33. Alternative Approach (for Diversity!) http://pyparallel.org/ 33 / 41

  34. Parallelization in Python? ? https://www.reddit.com/r/aww/comments/2oagj8/multithreaded_programming_theory_and_practice/ 34 / 41

  35. Parallelization in Python! 35 / 41

  36. PyParallel Developer’s View § The current PEP-3156 asyncio (and all

    other *NIX-based event loops) are synchronous + non-blocking I/O instead of actual asynchronous I/O! § The asyncio API is completion-oriented. § The implementation is readiness-oriented. • Because *NIX systems provides readiness-oriented syscalls for I/O. (select / poll / epoll / kqueue) § On Windows, we can use completion-oriented, OS-managed APIs called IOCP (IO completion ports). • Let’s remove obstructions in Python to utilize it. 36 / 41
  37. Completion-oriented vs. Readiness-oriented Hey, I have 10 bytes buffer. Please

    fill it with bytes from this socket. OK. Hey, do you have 10 bytes? I have only 4 bytes. Here they are. Hey, do you have the remaining 6 bytes? Not yet. (EAGAIN) Hey, do you now have those? Yes, here are another 4 bytes. Hey, where are the 2 bytes? ... Hey, I have 10 bytes buffer. Please fill it with bytes from this socket. OK. ... Here, you got the requested 10 bytes. Good! A modified excerpt from Trent Nelson’s talk https://speakerdeck.com/trent/parallelism-and-concurrency-with-python #47 37 / 41
  38. “True” Parallelization in PyParallel § (not just like replacing threading

    with multiprocessing…) § Separation of main thread and parallel context (PCTX) • Intercept all thread-sensitive codes. (e.g., PY_INCREF) § GIL & reference counting avoidance • If in PCTX, do a thread-safe alternative. – Uses a bump memory allocator, with nested heap snapshots to avoid out-of-memory for long-running PCTX programs. – All main thread objects are read-only. – Main thread and PCTX are mutually exclusively executed. • If not in PCTX, do what the original CPython does. 38 / 41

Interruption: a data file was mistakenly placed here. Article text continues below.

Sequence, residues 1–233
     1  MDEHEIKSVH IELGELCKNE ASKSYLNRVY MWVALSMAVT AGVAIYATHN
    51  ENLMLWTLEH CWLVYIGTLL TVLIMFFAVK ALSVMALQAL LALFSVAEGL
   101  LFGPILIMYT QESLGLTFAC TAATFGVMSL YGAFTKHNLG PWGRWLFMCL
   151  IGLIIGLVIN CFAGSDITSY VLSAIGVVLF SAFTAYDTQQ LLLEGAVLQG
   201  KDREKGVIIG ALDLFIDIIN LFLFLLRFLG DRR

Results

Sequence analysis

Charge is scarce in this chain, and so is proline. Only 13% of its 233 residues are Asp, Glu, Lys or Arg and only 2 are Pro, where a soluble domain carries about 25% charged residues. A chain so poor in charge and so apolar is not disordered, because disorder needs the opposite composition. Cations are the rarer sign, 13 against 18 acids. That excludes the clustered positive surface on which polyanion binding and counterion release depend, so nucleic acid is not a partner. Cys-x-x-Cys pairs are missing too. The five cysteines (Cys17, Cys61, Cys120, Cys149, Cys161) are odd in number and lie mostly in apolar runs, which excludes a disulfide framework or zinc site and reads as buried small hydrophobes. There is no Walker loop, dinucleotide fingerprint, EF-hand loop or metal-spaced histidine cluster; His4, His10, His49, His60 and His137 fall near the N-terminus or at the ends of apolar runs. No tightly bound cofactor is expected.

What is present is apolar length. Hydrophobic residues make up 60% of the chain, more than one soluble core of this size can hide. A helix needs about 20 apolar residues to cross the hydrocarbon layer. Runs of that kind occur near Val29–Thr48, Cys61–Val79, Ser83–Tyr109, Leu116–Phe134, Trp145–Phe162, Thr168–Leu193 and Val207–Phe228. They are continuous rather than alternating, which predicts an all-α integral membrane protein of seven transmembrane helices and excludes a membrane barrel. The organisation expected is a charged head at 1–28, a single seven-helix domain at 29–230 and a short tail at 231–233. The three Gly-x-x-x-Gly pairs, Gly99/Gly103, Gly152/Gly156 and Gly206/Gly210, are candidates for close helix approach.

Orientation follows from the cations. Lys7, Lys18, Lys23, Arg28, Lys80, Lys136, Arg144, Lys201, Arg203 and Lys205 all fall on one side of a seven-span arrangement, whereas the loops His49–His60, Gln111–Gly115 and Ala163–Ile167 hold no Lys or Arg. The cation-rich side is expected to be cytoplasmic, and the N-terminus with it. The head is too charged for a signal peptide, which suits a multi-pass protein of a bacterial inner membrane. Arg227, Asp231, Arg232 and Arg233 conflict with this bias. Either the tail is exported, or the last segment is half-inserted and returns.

39. PyParallel Example § The API resembles asyncio • Original name

    was async but changed due to keyword conflict. import parallel class Hello: def connection_made(self, transport, data): return b'Hello, World!\r\n’ def data_received(self, transport, data): return b'You said: ' + data + '\r\n' server = parallel.server('0.0.0.0', 8080) parallel.register(transport=server, protocol=Hello) parallel.run() 39 / 41
  40. Summary § asyncio offers a sweet spot between programmability and

    high-performance. • Advantages come from coroutines enabled by generators + clean separation of event loop details and async functions. • Pluggable event loops has allowed high-performant 3rd parties such as uvloop. • For even more performance for multi-cores, we need to rethink the underlying OS I/O APIs and Python’s GIL with memory mgmt. • PyParallel has shown a promising subspace on Windows. § The Future? 40 / 41
  41. Questions? Thanks! Example codes will be available at https://github.com/achimnol soon.

    OST Room #209 after this talk 41 / 41
  42. IOCP Model § Completion-oriented • Opposite to *NIX’s polling APIs

    which queries readable/writable states (no matter how much exactly the app wants to read/write). • IOCP notifies the app when the given read/write request is done. § Thread-agnostic I/O • Opposite to asyncio (and its relatives) where all I/O requests must be completed by the thread that initiated it. • IOCP keeps a set of threads to wake up for completed I/O requests. – The number of threads are not limited; the number of awoken concurrently threads are limited. – Optionally we can use thread affinity for consistent client-thread mapping.